The environmental group Greenpeace says it believes an oil spill in northeastern China was up to 60 times larger than has been reported.
Richard Steiner, a marine conservation expert from the University of Alaska, announced the conclusion Friday after a 10-day on-site investigation.
Steiner estimates the July 16 explosion at an oil terminal in Dalian released 60,000 to 90,000 tons of crude oil into the South China Sea, making it larger than the 1989 Exxon Valdez spill in Alaska. Official estimates have said only 1,500 tons of crude were spilled.
The explosion ruptured two pipelines and ignited a fire that raged for 15 hours. Greenpeace said Chinese workers told the group they deliberately released additional oil into the sea to contain the fire and reduce the risk that a nearby tank of dimethylbenzene would explode.
Steiner said at a Beijing news conference that the explosion and fire completely destroyed one oil tank with a capacity of 90,000 tons. He said Greenpeace was told that the tank had been filled shortly before the blast.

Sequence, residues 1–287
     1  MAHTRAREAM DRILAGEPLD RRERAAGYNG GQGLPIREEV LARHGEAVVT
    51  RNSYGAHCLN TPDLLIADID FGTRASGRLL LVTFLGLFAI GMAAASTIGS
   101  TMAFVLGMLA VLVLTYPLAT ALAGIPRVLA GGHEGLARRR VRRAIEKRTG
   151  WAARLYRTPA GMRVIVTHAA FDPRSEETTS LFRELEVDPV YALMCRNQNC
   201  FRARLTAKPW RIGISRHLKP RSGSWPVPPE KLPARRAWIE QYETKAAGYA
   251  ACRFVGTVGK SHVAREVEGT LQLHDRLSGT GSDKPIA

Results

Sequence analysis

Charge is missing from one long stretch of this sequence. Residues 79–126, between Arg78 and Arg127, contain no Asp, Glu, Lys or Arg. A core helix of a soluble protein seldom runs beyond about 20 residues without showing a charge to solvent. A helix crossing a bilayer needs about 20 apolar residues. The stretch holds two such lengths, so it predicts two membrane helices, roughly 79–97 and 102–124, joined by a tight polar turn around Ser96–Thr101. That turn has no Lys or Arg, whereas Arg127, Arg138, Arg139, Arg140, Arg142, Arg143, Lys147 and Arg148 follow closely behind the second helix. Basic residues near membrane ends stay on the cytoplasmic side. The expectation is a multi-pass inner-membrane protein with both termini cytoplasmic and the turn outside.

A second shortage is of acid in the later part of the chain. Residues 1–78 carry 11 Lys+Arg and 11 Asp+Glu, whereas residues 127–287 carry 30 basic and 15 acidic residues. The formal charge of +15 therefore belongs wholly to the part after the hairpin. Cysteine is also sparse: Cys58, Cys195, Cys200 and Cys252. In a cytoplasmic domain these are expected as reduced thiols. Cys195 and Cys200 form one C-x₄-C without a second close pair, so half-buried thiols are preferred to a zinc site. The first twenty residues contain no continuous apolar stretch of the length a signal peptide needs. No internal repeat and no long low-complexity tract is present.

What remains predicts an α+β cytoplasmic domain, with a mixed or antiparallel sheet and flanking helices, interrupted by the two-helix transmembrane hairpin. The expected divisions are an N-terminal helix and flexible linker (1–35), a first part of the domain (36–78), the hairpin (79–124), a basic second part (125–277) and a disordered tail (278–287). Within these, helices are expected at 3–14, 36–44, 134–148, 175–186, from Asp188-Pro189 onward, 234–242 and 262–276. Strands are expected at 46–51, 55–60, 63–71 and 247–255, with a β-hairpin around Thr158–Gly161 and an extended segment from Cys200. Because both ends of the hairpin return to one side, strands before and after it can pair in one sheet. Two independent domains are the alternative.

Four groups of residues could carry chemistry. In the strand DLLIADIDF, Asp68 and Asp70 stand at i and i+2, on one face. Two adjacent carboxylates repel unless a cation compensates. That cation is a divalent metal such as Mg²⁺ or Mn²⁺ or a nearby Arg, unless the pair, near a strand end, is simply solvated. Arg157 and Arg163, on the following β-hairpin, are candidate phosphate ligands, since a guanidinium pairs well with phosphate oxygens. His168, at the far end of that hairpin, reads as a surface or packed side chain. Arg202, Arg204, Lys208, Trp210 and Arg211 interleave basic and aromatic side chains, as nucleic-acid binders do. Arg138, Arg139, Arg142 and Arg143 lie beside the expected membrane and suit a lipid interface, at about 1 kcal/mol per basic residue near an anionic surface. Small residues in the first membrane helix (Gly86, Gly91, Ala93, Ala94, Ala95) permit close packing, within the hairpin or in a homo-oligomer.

He said a spill of that size would rank among the 30 largest ever recorded.
The oil spill expert, engaged as a consultant by Greenpeace, said Chinese crews have already recovered more than 1,500 tons of oil - the amount officially said to have been spilled.
Reuters news agency contacted PetroChina on Friday but said officials of the company, which operates the oil storage facilities at Dalian, could not confirm or deny the Greenpeace findings.
Some information for this report was provided by AP, AFP and Reuters.